The Putnam Examiner

Discarded Cigarette Ash Cause of Fatal Fire That Killed Four in Carmel

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The Carmel Police Department and Putnam County Fire Investigators announced at a press conference on Thursday, June 7 that the cause of the house fire that took the lives of four members of the Sullivan family of Carmel on May 1 was cigarette ash that hours later turned into the inferno that engulfed the entire home.

Carmel Police Chief Michael Johnson announces the cause of the May 1 fatal fire in Carmel at a press conference with Carmel Police and County Fire and Sheriff's investigators


Carmel Police Lt. Brian Karst said that Tommy Sullivan Jr. immediately was forthcoming with the information on the day of the fire that he had been smoking on the front porch of the house sometime between the hours of 8 p.m. and 10 p.m. the night before. The 9-1-1 call reporting the fire came in just minutes before 2 a.m. the next morning.

Fire Investigators determined that ash from a cigarette slowly had smoldered in the mulch around the home, eventually igniting 12-foot Evergreen trees close to the house and a plastic trellis that was attached to the side of the home.

Carmel Police Chief Michael Johnson said investigators believed the cause of the fire was accidental, that no foul play was involved, and tests conducted by the state fire investigative unit determined that no accelerants were found at the scene of the fire.

Lt. Karst said that police and fire investigators had met with relatives of the Sullivan family on Wednesday night to share the findings of their investigation, who would then pass on the news to Tommy, Jr.

While there were eight internally wired fire alarms in the home, all of which were believed to have battery back-ups, Lt. Karst said that Tommy Jr. said in interviews with investigators that he did not remember hearing the alarms, but that the traumatic circumstances he was in while fleeing the home could have been a factor in that.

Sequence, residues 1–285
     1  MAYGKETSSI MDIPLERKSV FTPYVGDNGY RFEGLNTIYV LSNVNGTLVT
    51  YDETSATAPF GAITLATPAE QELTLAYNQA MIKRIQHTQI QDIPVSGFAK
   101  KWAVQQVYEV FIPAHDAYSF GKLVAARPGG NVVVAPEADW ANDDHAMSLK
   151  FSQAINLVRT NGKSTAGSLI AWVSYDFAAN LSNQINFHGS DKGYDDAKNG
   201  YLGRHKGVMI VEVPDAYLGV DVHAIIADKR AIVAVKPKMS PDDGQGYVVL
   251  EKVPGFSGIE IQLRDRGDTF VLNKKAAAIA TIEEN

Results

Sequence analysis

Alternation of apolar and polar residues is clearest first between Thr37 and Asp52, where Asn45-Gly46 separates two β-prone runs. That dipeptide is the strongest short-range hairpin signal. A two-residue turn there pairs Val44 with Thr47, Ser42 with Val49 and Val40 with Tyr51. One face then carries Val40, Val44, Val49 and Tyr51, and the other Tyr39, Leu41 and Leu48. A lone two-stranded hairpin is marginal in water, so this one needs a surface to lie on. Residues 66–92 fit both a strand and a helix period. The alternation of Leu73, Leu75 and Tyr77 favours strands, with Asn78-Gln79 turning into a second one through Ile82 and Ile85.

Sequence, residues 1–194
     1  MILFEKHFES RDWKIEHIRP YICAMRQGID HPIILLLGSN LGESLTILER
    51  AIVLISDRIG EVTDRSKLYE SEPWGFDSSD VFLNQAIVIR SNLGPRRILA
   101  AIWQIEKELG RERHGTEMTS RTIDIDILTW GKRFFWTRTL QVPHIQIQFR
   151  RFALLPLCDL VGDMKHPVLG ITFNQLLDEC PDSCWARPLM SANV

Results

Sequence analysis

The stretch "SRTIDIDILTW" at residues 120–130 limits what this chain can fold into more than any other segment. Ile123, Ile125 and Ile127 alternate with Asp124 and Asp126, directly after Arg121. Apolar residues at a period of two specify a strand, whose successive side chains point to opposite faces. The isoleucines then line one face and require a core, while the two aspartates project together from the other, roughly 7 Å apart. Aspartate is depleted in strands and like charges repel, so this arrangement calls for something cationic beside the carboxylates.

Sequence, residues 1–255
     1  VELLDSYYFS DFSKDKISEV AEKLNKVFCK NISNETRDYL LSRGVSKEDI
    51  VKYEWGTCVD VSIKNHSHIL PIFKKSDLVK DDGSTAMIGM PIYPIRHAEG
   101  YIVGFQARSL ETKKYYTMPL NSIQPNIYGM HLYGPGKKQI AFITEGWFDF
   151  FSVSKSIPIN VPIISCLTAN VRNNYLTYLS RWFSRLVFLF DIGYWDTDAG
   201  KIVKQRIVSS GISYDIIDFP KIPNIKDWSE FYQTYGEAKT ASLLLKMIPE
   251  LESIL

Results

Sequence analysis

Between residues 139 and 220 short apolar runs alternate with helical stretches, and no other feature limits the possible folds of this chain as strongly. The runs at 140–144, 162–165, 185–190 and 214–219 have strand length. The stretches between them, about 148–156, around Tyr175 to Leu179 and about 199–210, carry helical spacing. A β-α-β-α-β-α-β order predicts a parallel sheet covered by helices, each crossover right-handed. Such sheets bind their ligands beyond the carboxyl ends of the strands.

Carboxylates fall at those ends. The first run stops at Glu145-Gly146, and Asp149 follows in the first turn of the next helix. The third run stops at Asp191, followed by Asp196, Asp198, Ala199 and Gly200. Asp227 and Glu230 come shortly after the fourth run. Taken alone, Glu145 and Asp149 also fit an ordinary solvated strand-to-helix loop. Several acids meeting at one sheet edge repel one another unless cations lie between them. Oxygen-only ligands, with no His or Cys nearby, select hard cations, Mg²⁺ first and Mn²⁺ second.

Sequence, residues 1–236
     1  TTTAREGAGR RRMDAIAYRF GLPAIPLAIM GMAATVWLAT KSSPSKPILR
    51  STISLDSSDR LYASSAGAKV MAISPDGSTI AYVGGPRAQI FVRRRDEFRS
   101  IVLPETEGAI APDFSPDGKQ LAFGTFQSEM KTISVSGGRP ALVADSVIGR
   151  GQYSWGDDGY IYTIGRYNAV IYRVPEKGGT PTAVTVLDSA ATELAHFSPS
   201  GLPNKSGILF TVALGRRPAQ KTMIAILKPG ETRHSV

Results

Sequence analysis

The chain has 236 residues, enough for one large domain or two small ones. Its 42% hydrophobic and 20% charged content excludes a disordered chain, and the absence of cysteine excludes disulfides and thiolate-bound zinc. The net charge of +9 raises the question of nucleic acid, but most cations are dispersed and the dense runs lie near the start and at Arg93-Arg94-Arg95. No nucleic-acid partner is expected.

Carmel Police Chief Johnson said that in the days after the fatal fire, which took the lives of Thomas Sr., Donna, Meaghan and Mairead Sullivan, Carmel Building and Code Enforcer Michael Carnazza offered the other homeowners in the development in which the Sullivans lived to have their fire alarm systems tested.

On the day of the early morning fire, Carmel Fire Chief Robert Lipton said that the light construction of the home, in which press board was used, could have lent to the fire so quickly engulfing the home.

Capt. Dan Tompkins of the Putnam County Fire Investigators said that while the fire smoldered, recent extremely dry conditions paired with high winds that whipped up later that night, contributed to the fast-moving blaze.

When asked if the light-construction techniques used to build the home may have contributed, he said, “yes,” but noted that the Sullivan home was built in compliance with town code. It also was noted  the vinyl siding of the home was flammable.

Putnam County Executive MaryEllen Odell, who was a personal friend of the Sullivan family, attended the press conference.

After being asked if she would work to change building codes to deal with concerns about light construction when it came to house fires, County Executive Odell said that the county could only suggest changes but that changing building codes was under the authority of the individual municipality.

“It’s a national issue,” County Executive Odell said of light construction, noting that it is used contemporarily up and down the Eastern seaboard and extending across the country to the West Coast. “When you have a tragedy, what you do with it defines a community. Certainly we need to take this tragedy and make something positive come out of it.”

County Executive Odell said that Tommy Jr. would need the support of his family and the community and his faith to get him through this difficult time.

Chief Johnson also asked that the community keep Tommy Jr. in their thoughts and he asked everyone to have compassion and show support for the 20-year-old young man.


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